Friday, July 30, 2010
“The poem, if it be a true poem, is a simulacrum of reality…an experience rather than any mere statement about experience or any mere abstraction from experience”
That’s a quote from his chapter on “The Heresy of Paraphrase,” in The Well Wrought Urn in which Brooks puts forward an idea of art as a thing which has to be actively experienced. He’s working to combat the sense that criticism’s job is just to reduce a work of art to its meaning, its essential core, the kind of reading where Heart of Darkness becomes Racism, Moby Dick becomes Obsession, and The Scarlet Letter becomes Puritanical Prudery. Repeat ad infinitum.
I’m switching from poetry to novels, here, for no better reason than its because it’s easier. But I think the point remains: the problem with reducing a massively complex novel to a few words, Brooks might suggest, isn’t simply the scale of complexity that’s being lost, but the experiential structure of both its composition and the active way we render that complexity meaningful. However much there might be a kernel of truth to each of those one-word summaries, they erase something vital about the works they purport to describe, and less because they summarize badly than because they summarize at all, thereby misplacing the thing that’s important about the aesthetic object, which, as Brooks, might say is not what we abstract from or paraphrase a poem, but how we experience it. Here’s how he does say it, in fact:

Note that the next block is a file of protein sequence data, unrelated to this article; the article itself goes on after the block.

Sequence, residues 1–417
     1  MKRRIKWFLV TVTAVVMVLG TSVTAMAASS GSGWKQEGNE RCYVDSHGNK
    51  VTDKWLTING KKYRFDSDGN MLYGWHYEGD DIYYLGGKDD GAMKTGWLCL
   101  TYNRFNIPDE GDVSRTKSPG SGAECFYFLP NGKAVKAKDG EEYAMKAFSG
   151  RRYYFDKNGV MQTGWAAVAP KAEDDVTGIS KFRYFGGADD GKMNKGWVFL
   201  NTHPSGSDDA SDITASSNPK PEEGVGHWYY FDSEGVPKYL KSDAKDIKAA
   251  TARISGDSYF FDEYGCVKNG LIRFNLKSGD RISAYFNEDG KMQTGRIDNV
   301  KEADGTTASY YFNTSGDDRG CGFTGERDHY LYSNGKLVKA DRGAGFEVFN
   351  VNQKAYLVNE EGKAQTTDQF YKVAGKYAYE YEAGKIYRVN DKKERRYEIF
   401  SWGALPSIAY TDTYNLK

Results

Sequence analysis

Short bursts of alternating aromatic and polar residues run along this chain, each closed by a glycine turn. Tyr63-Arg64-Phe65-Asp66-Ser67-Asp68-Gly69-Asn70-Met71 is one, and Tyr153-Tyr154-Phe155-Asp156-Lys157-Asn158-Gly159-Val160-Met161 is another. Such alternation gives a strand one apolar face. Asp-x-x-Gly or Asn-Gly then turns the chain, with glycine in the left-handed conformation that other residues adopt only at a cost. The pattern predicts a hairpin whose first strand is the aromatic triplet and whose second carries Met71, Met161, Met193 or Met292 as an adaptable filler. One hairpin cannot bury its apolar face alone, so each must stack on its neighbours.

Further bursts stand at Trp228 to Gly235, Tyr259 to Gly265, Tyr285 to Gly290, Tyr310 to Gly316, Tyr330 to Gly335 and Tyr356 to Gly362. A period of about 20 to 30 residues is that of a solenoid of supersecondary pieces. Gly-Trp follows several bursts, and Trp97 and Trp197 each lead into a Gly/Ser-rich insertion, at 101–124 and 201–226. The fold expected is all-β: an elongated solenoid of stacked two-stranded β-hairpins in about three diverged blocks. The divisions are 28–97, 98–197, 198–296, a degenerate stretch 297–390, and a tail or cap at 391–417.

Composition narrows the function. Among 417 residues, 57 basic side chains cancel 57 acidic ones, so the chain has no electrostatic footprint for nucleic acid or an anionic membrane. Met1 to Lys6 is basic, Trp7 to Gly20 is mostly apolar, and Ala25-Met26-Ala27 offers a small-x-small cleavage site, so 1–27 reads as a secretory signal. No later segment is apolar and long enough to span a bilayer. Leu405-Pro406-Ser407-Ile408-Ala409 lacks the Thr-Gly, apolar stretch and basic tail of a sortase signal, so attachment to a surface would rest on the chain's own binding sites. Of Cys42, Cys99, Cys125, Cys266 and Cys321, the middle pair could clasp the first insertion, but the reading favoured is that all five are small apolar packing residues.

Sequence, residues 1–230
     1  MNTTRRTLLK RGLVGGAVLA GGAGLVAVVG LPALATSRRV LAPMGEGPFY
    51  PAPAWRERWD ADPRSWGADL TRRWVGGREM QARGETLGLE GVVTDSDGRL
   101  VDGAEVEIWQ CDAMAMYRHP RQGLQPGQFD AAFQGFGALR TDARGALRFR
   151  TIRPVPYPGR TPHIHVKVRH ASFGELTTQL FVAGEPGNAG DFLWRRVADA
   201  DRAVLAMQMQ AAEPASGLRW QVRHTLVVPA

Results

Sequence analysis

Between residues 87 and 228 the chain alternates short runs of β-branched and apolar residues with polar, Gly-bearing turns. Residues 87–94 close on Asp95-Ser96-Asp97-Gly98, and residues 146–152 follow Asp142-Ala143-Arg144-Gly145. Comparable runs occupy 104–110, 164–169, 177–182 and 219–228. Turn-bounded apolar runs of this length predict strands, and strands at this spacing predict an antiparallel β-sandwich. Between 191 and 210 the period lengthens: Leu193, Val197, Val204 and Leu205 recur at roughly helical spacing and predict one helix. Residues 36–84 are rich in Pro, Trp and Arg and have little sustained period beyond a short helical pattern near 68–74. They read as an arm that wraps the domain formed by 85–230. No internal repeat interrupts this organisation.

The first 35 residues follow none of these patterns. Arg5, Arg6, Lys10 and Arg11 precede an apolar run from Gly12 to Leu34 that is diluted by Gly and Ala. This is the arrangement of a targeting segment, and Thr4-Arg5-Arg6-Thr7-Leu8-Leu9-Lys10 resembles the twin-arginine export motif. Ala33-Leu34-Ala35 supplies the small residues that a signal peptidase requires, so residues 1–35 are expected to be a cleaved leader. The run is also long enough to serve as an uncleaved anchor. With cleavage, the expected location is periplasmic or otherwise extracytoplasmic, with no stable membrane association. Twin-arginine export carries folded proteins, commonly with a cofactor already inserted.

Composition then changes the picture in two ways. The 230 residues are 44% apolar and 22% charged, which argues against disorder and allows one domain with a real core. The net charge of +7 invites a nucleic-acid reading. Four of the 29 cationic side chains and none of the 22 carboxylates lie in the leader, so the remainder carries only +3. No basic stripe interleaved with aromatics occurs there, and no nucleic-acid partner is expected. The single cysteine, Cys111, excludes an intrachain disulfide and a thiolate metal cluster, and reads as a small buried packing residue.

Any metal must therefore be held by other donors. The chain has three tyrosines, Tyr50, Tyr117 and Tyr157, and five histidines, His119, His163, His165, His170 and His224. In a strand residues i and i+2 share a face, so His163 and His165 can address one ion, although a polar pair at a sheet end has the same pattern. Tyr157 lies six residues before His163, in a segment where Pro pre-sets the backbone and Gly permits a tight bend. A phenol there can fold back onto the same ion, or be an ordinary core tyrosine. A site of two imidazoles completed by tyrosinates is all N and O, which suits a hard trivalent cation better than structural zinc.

The essential structure of a poem (as distinguished from the rational or logical structure of the ‘statement’ which we abstract from it) resembles that of architecture or painting: it is a pattern of resolved stresses. Or, to move closer still to poetry by considering the temporal arts, the structure of a poem resembles that of a ballet or musical composition. It is a pattern of resolutions and balances and harmonizations, developed through a temporal scheme.
It’s interesting how close this comes to the definition my friend Dan offered for a sense of video games as Art (though he admitted to being uninterested in actually making that claim). As he quite nicely suggested, we could put video games